Hospitals can decrease denials by having physicians involved in the mid-revenue cycle review process.
Involving physicians in the mid-revenue cycle process can increase hospital ROI by 700%, according to Enjoin CEO Dr. James Fee.
Hospitals and health systems can improve revenue through a pre-bill review prior to claims submission, according to Fee. Enjoin does this work as a revenue cycle consulting business focused on documentation and coding.
One of the first things Enjoin physicians check is that the care of the patient has been properly recorded.
“We’re never taught how to communicate with those who record our work, so it can be captured in the coding system,” said Fee, who continues to practice as a physician in Baton Rouge, Louisiana.
Secondly, hospitals need to check the accuracy of the representation of that patient.
“You want to make sure the severity of the patient is justified to get appropriately reimbursed,” Fee said.
WHY THIS MATTERS
Documentation and coding falls in the middle of the revenue cycle. Through a pre-bill review of the estimated 30-50% of cases that are chosen for review at this stage because of their complexity, organizations can ensure the documentation supports coding compliance, MS-DRG accuracy, quality performance data and other measures.
Results have shown an impressive 700% percent ROI on average and in some cases, 1,000%, according to Fee. On average, the process shows a 17% decline in denial rates.
Hospitals already have clinical staff in the rev cycle. Physicians add a layer of review.
“We have practicing physicians who understand the disease process,” Fee said. “We look at a case to make sure the diagnosis is correct. What was the focus of care for that hospital stay? That takes a level of clinical interpretation.”
Enjoin, which has been around for about 30 years, does not offer a software product, but uses an analytics platform. It partners with clients as consultants in a technically agnostic way.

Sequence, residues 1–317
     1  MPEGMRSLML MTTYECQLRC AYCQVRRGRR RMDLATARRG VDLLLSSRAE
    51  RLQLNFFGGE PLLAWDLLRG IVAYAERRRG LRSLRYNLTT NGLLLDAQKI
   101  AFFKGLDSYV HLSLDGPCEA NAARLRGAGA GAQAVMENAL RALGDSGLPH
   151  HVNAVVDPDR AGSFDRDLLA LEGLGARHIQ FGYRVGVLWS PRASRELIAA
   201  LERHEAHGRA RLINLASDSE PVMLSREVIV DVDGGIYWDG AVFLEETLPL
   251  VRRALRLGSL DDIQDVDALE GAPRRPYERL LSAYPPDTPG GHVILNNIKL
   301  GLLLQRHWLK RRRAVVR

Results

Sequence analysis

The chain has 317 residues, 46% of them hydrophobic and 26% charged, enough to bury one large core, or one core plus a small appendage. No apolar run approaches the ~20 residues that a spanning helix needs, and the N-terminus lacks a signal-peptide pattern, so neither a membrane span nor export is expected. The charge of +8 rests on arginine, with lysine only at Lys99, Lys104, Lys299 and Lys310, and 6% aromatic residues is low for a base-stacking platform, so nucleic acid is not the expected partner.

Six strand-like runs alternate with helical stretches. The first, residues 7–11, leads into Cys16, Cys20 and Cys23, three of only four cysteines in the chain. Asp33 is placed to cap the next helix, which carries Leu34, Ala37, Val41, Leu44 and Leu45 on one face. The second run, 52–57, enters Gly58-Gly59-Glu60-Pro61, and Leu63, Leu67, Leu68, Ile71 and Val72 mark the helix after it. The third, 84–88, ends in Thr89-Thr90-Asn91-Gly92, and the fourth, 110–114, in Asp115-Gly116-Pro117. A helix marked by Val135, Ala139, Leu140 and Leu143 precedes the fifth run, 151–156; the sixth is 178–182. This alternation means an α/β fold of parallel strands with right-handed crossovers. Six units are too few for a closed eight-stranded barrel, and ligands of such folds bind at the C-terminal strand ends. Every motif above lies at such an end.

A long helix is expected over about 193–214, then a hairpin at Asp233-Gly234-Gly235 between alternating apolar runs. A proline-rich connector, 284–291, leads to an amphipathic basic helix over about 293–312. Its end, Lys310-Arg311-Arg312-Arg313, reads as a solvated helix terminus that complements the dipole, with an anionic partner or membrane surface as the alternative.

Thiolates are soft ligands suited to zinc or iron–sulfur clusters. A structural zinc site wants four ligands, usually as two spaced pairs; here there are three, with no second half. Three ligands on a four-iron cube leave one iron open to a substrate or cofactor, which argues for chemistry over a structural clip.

Fee will speak on the topic “Mid-Revenue Cycle Drives Financial Stability During COVID19: How One Academic Medical Center Prospered,” in-person during the Healthcare Financial Management Association annual conference, Monday, November 8, in Minneapolis.
As revenue cycle directors look to automate, this is more easily done on the front and back ends of the revenue cycle rather than the mid-cycle process, according to Fee. This is one area that will have to wait until AI makes it possible to interpret the data seen by physicians and other clinicians, he said.
“Automation is easy to say as one-stop shopping for an easy solution, but you need to understand what you’re automating,” he said.
There can be an automation component to the prioritization of reviews, something Enjoin plans to bring to market soon.
“Automation will continue to rapidly grow,” Fee said, “but there will always be that people component.”
THE LARGER TREND
As in other areas of healthcare, COVID-19 brought a level of uncertainty about the proper testing and diagnosis recorded in the revenue cycle.
During the most recent wave of COVID-19, many hospital ICU beds were again full, and health systems once again were canceling elective surgeries, with a resulting loss of revenue.
Higher expenses for labor, drugs and supplies, as well as a continuation of delayed care, are projected to cost hospitals an estimated $54 billion in net income over the course of this year, according to Kaufman Hall analysis released last month by the American Hospital Association.
COVID-19 also shifted the commercial dominance of margins to lower-paying government reimbursement as employees lost their jobs, according to Fee.
During the first COVID-19 wave in 2020, CFOs were asking he said, “How do I adapt to that?” Many looked to prevent financial leakage in employing resources they already had.
“That’s where CDI (Clinical Documentation Improvement) is helpful,” Fee said.